Turks and Caicos Islands Population
Sources: The Library of Congress Country Studies
The Turks and Caicos had a 1985 population of approximately 8,600, growing at an annual rate of 3.3 percent. The population continued to fluctuate, however, because of a high birth rate and the constant movement of young men in search of work between the Turks and Caicos and the Bahamas. Blacks made up 90 percent of the total; the remainder were mulatto or white.
Although the Turks and Caicos were still relatively undeveloped in the mid-1980s, some illegal immigrant workers, mostly Haitians and Dominicans, arrived in the islands to perform low-wage hotel jobs spurned by local citizens. Although their labor contributed to the tourism industry, in 1985 the illegals became such a burden on the islands' already-overstretched funds for health and welfare that the government made its first forced deportation of Haitians.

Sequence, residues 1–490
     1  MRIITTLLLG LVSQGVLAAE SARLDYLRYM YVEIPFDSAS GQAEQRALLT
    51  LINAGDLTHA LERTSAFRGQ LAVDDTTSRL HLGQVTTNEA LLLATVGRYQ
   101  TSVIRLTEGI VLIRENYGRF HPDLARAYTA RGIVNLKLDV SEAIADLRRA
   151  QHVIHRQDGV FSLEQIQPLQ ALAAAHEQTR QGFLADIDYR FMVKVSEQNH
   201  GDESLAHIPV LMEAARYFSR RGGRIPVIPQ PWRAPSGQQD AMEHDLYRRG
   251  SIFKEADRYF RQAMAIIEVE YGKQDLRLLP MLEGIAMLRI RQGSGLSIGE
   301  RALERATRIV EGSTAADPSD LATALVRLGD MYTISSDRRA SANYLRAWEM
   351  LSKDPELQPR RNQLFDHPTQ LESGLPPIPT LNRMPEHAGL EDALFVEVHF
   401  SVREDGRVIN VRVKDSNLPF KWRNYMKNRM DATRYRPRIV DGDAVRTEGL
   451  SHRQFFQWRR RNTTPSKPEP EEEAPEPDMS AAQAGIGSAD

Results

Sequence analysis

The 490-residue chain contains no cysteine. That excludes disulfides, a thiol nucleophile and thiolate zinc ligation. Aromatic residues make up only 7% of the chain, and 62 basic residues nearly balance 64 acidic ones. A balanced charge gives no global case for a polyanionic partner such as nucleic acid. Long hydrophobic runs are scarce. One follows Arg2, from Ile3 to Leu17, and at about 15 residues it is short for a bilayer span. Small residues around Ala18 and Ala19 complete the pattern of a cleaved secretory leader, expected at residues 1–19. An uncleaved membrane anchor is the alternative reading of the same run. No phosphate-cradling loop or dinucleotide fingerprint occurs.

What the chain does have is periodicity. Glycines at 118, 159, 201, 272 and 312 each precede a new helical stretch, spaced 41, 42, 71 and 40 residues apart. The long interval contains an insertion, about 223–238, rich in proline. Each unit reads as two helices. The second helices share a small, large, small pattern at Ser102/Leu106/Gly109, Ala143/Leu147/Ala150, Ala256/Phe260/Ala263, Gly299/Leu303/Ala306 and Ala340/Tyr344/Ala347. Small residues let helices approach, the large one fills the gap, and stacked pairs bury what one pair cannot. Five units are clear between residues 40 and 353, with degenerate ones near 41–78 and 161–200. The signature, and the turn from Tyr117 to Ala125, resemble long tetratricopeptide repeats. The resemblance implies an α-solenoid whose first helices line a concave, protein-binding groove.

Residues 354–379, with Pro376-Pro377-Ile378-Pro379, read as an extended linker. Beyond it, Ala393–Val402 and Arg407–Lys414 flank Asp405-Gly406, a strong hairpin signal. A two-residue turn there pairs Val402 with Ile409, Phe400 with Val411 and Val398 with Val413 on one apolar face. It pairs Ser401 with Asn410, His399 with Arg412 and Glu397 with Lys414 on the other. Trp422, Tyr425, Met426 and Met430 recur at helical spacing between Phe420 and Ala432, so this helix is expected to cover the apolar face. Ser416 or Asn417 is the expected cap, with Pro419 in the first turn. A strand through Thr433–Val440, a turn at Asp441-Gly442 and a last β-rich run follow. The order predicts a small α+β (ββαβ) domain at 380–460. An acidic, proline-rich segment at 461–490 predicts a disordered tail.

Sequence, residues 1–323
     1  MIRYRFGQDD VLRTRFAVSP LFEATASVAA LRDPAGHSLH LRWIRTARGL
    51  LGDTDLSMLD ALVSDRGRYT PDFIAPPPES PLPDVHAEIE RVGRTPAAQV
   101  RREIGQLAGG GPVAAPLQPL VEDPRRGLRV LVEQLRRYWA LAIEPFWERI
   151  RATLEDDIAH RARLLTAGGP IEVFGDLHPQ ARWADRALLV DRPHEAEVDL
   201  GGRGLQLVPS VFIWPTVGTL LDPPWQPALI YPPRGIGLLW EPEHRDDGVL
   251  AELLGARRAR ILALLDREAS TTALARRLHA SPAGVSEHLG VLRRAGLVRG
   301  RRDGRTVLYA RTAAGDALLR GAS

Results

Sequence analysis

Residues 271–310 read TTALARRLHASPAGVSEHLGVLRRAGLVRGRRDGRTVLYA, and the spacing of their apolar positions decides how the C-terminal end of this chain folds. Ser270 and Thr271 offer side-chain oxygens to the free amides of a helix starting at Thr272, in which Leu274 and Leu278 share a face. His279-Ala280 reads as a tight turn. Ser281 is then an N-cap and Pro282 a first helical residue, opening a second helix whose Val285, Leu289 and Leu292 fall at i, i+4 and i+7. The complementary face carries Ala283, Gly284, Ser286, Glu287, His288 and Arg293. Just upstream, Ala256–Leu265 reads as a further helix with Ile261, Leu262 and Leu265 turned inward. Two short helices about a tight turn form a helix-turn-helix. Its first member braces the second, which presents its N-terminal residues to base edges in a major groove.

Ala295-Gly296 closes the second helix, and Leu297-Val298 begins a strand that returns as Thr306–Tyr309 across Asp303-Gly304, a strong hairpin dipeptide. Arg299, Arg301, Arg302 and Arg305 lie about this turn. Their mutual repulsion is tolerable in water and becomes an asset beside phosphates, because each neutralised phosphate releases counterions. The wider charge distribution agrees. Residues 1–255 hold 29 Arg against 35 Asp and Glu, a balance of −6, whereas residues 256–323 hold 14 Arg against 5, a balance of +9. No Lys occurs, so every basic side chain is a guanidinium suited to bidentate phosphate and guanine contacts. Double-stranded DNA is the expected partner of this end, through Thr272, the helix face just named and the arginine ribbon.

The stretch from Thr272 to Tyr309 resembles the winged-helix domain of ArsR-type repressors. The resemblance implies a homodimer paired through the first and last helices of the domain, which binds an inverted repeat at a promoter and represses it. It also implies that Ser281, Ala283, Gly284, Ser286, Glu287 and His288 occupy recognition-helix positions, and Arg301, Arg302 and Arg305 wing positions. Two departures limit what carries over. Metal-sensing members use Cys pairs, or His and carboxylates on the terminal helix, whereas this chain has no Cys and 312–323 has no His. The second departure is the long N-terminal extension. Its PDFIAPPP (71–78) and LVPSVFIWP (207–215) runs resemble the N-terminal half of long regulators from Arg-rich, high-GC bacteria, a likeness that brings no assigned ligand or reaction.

Population density in the Turks and Caicos Islands remained very low, at sixteen persons per square kilometer. In 1982 the birth rate was a moderately high 25.5 per 1,000; infant mortality stood at 24 per 1,000 births. In 1985 the average life expectancy at birth was 70.2 years.
Approximately 42 percent of the citizens of the Turks and Caicos Islands were Baptist; 19 percent, Methodist; 17 percent, Anglican; and 22 percent, members of other Christian churches.
Data as of November 1987
NOTE: The information regarding Turks and Caicos Islands on this page is re-published from The Library of Congress Country Studies World Factbook. No claims are made regarding the accuracy of Turks and Caicos Islands Population information contained here. All suggestions for corrections of any errors about Turks and Caicos Islands Population should be addressed to the Library of Congress.